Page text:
clock menu more-arrow no yes mobile

Filed under:

Monday Morning Optimist: We are so close to being so close

Bear with us, guys. The Panthers couldn’t buy a win in 2020, but it shouldn’t take much more talent for this team to take off.

Carolina Panthers v Green Bay Packers Photo by Quinn Harris/Getty Images

I know, I know. The Carolina Panthers lost another one possession game after having had the ball in their hands in the final minutes with a chance to win. They are zero for eight in even scoring points, let alone winning, in such scenarios this season. I’d say it was a twist that they did this against a good team for once, except that this is the third good team they have lost to by the skin of their teeth. The Green Bay Packers join the New Orleans Saints and the Kansas City Chiefs as truly top tier contenders who only narrowly survived a brush with the Panthers.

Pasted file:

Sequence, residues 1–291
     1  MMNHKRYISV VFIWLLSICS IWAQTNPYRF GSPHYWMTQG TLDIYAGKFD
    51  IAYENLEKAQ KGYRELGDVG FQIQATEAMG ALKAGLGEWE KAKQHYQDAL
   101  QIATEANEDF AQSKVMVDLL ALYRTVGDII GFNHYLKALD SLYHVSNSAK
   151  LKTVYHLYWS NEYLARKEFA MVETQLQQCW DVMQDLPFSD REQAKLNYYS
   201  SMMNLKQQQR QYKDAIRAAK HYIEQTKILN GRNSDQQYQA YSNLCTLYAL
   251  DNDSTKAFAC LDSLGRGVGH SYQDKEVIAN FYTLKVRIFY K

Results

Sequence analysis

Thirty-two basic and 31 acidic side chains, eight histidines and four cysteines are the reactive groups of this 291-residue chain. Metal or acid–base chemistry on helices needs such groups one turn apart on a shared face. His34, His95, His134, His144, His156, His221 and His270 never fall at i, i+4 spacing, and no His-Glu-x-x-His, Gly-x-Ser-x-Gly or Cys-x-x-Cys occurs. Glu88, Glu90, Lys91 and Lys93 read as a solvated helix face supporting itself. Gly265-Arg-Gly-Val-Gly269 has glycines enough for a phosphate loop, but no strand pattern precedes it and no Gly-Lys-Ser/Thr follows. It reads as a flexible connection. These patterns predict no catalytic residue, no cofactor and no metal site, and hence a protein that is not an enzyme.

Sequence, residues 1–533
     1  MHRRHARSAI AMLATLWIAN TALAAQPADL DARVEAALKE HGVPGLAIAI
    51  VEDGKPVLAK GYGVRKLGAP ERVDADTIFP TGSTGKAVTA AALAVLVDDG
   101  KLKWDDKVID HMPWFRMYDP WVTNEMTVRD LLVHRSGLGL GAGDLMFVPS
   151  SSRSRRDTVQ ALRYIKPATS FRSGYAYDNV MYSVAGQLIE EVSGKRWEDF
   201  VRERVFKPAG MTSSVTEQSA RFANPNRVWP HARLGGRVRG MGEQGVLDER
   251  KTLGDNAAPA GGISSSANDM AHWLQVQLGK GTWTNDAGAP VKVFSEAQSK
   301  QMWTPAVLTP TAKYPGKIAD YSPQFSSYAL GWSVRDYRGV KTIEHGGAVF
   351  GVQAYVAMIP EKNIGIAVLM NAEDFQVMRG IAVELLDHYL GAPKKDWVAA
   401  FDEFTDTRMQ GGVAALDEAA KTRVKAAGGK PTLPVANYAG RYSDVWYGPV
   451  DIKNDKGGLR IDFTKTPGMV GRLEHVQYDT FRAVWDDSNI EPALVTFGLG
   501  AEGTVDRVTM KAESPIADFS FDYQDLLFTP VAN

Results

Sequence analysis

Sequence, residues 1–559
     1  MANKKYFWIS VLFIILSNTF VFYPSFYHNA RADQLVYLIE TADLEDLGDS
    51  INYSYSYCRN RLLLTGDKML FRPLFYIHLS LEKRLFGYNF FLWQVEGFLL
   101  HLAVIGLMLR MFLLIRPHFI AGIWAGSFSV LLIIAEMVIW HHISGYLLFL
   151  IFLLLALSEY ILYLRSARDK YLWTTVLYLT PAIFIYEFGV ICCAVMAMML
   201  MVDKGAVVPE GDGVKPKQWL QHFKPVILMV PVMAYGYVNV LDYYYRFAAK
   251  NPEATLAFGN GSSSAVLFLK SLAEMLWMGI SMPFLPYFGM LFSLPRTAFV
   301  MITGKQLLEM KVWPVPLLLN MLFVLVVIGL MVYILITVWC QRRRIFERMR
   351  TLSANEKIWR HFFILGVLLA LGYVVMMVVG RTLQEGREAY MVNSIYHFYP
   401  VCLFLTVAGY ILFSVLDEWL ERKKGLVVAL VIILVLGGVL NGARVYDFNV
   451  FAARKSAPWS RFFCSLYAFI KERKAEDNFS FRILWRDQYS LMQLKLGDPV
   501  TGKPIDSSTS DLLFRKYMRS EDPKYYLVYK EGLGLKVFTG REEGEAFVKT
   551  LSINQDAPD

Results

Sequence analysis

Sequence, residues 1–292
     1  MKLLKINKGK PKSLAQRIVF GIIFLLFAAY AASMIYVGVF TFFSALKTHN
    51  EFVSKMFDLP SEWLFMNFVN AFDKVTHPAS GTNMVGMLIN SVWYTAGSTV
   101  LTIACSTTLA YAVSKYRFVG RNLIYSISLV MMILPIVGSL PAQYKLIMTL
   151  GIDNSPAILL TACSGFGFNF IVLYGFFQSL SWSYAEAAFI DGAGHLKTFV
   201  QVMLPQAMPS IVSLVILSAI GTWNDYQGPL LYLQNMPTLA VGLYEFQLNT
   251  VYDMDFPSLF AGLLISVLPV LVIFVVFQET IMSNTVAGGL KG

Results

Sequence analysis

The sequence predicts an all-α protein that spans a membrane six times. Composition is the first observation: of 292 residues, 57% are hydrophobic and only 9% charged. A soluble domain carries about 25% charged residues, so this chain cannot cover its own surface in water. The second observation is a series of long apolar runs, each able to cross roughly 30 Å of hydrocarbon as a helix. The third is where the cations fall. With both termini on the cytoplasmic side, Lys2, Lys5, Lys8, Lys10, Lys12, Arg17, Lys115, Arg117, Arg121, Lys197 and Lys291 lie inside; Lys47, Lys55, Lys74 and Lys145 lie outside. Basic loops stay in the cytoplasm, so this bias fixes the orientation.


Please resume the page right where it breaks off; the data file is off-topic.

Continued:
We’ve spent months at this point talking about heartening these close losses are for such a young team, for such a depleted team. But, like much of 2020, that’s wearing a bit thin. Even still, we have to take a moment to celebrate that the youngest defense in the NFL throttled Aaron Rodgers for three quarters. More interesting than the ‘kids did good’ angle is the weirdness of it. These Panthers should probably be one possession under dogs to every team in the league, from the New York Jets to the Kansas City Chiefs. It’s not an insult to say that they don’t have what it takes to win in the NFL, because it is a fact and because they are so close to greatness. It’s an odd balance.

What I liked

D.J. Moore - Extremely Optimistic

He needs more targets, part eleventy. Also, pay this man his money right now.

Taylor Moton - Extremely Optimistic

Pay this man, too. Moton is easily the best lineman the Panthers have and I’m going to be scared if they draft a promising young quarterback but let Moton walk. In other words, fire Marty Hurney and hire somebody more committed to protecting a young quarterback than to drafting Lee Ziemba ‘for comfort.’

Derrick Brown - Extremely Optimistic